This is yet another myth. All that a noreply email does is reject any communication coming in from your customers.
And that can affect your brand identity among customers who would love to engage and connect with the brand over email. For brands with millions of subscribers and emails going out on a regular basis, handling email replies is difficult and might even need a team in place for this purpose.
The idea is not to accept and entertain email replies, but to give have an illusion that there’s someone listening on the other side.
Brands can avoid using the noreply email as a sender and someone’s name instead.
You can use the name of a well-known industry veteran working in your company or simply use a person’s name to send out emails.
5. Authentication Records Like SPF, DKIM, And DMARC Can Improve Deliverability
You can get blocked by major mailbox services if you don’t have the authentication records set up correctly. But having them all set up doesn’t guarantee email deliverability.
These authentication records help build trust between the mailbox providers and the email senders but don’t improve deliverability.
Email frequency and recipient engagement can affect the deliverability of your emails.
As for DMARC, it only adds an additional sign of trust for the mailbox service provider to say “the email is from the email address that it says it’s from”.
What does the 250 code mean in email deliverability?
An email is considered as “delivered” when the receiving server sends out a 250 code to the sending server.
It’s no longer the sending server’s responsibility to track the deliverability further.
The 250 code says that “the receiving server has taken control of the email” and the deliverability is now completely decided by the server.
But for you, that’s not the end. You can track deliverability with many tools that offer detailed insights in the email performance.
Email deliverability should not be a USP. Once an email service provider goes beyond a certain level of confidence, their emails will be accepted and delivered to the customers.
Some major mailbox service providers like Google don’t just use your open and clicks to identify engagement with emails.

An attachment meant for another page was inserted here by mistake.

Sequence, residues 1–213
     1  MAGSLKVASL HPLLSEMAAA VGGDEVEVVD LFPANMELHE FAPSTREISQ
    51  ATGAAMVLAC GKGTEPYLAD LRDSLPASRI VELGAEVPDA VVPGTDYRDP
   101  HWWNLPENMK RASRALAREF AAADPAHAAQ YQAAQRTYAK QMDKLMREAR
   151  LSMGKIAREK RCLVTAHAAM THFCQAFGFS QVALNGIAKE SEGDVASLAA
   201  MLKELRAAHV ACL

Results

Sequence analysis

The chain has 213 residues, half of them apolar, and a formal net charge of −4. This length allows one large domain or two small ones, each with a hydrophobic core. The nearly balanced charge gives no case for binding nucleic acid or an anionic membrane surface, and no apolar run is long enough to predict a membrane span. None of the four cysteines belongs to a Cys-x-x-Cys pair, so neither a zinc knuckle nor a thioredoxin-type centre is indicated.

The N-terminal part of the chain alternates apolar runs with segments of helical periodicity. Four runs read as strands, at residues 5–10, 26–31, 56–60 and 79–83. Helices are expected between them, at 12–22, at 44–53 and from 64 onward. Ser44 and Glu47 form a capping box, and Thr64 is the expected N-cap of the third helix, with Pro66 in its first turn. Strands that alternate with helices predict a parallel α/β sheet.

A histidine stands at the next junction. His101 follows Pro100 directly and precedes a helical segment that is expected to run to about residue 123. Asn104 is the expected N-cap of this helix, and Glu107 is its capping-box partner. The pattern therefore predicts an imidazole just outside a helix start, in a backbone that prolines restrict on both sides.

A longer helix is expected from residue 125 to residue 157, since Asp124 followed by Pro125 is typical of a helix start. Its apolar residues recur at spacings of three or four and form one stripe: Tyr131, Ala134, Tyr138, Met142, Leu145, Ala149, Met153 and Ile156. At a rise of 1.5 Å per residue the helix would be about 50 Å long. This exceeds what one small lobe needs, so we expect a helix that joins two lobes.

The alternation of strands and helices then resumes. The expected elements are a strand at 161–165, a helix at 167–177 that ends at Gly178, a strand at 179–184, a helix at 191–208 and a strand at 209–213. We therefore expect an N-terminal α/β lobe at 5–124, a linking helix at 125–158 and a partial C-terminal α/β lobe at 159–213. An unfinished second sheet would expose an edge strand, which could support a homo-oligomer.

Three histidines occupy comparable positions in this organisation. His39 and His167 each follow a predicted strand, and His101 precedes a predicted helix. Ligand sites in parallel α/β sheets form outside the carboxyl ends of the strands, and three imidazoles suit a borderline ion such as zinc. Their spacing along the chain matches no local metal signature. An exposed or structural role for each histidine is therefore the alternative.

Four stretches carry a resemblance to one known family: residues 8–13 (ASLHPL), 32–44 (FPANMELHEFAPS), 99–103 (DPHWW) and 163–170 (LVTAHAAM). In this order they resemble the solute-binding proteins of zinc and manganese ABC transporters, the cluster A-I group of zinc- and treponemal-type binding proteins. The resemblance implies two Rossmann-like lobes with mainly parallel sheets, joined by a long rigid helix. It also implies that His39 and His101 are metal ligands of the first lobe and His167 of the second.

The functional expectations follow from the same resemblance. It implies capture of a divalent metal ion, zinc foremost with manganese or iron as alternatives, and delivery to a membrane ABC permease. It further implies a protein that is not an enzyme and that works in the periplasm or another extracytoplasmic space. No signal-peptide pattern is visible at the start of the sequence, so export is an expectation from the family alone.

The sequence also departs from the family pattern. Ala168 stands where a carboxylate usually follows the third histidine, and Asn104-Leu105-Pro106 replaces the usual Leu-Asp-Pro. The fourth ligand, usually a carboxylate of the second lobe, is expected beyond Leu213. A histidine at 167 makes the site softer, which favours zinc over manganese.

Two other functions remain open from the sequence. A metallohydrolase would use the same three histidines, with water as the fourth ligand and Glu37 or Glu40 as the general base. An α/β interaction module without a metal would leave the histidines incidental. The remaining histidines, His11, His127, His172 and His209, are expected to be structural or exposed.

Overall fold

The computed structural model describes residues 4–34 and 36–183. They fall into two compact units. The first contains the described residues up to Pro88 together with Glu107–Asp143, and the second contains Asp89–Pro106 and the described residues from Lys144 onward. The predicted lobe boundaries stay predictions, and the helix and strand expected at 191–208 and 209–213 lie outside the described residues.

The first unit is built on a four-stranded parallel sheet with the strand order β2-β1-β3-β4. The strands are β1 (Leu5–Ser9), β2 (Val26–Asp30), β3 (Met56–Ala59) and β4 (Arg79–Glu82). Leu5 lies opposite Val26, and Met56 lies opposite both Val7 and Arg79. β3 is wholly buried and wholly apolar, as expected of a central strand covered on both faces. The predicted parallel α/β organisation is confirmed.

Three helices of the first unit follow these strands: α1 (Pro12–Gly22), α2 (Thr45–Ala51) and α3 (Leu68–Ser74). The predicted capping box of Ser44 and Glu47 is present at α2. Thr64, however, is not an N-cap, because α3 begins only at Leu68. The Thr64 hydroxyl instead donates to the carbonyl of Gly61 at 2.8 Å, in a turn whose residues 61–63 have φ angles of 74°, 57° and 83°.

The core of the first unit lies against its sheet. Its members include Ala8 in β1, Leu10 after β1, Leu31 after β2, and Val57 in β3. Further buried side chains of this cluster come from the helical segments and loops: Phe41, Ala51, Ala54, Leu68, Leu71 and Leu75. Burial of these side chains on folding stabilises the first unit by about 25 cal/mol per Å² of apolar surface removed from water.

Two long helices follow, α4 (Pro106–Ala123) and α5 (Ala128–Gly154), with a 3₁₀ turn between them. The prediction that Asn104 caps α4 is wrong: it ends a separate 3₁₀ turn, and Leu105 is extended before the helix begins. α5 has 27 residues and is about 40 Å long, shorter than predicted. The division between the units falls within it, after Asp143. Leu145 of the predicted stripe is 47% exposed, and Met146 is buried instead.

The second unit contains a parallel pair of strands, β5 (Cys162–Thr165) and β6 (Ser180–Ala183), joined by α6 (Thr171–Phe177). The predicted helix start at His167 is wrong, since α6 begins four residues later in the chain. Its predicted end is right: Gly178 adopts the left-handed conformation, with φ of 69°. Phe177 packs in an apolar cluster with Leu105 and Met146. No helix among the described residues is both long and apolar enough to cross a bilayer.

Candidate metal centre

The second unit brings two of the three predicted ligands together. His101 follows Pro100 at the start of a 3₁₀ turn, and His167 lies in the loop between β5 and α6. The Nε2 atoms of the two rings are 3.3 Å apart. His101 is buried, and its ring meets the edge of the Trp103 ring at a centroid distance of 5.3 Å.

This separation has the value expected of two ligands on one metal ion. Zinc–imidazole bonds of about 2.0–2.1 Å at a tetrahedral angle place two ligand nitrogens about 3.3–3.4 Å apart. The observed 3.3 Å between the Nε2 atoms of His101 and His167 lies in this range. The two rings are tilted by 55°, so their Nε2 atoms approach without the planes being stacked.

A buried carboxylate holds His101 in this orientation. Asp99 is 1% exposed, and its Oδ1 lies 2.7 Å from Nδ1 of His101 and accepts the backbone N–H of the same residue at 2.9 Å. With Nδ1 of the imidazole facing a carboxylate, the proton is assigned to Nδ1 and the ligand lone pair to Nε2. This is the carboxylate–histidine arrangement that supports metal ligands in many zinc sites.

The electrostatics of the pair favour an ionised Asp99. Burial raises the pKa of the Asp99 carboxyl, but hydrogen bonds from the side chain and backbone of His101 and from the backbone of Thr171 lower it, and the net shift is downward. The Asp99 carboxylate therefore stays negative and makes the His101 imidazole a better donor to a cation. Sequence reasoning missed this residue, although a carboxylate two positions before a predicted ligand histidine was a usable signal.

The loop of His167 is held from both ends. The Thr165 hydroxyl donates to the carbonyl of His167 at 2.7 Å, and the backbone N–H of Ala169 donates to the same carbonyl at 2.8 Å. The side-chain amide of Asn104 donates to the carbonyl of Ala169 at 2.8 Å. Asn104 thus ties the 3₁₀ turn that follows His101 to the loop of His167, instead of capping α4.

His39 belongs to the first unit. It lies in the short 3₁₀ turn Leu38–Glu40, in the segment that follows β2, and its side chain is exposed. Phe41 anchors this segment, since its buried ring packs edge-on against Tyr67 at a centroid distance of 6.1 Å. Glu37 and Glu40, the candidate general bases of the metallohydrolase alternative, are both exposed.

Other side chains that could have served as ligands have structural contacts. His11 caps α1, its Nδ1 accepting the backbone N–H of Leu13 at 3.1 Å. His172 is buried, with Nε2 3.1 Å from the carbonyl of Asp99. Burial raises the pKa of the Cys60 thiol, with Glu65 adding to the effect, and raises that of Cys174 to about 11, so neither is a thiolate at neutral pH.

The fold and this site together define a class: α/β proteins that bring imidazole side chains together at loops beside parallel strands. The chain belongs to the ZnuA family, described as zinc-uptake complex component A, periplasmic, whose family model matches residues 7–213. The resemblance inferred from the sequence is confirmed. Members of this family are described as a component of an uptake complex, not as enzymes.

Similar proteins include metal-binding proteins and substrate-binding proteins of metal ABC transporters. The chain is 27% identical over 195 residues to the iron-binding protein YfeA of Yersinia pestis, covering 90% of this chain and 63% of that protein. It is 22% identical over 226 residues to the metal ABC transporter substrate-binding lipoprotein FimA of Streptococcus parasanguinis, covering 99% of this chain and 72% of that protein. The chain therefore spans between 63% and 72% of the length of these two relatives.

Google has a patent on, following your mouse and knowing where your mouse is on the screen, you know, and it strikes me that they’re using that data in their emails, and in their reputation system, they know that they. If Google can track it, they will. If they can use the data, they will.
So even though most of the engagement metrics with mailbox providers is a black-box for the outside world, these patents from Google offer insights into what they track and how they do it.
Gmail is potentially tracking user engagement based on the dwell time, and your behavior when the email is open and so it’s important for us to create emails that really engage a user and compel them to continue reading through.
And while we’re on the topic of Gmail and it’s tracking measures, Dennis asked Laura if she knows a way to hit the “Primary” tab in gmail.
Can you influence Gmail to drop your emails in the Primary tab?
Laura says there isn’t a way to get an email in the Primary tab consistently. The algorithms developed by Google for classifying emails are being actively worked on.
And with that, any methods that people find within the algorithm are quickly patched.
Fundamentally there doesn’t seem to be any way to defeat that.
You know, I can tell you how to get the mail out of the junk folder at Google. I can tell you how to get mail to the junk folder at Microsoft.
I can’t tell you how to get mail from the Promotions or whatever tab to the Primary tab.
The algorithms that they use there are a very black box. You can’t even really poke it.
And I know people have poked it and I know people have figured out, “Hey, if we take this, you know, if we take for a while, it was, if we take the list, unsubscribe, header out, it won’t go to promotions”.
And that lasted all of about three days.
So the likelihood of someone figuring out the technique to reach the Primary tab in Gmail, and then also share it with the world is low.
Because if someone does figure out a method, it will be patched by the time a few people start using it.
We hope you enjoyed debunking some of the legends in the email deliverability space. Stay tuned with us for more podcasts and more interesting blogs from some experts in the email marketing space.
Tune in to the complete podcast series, here.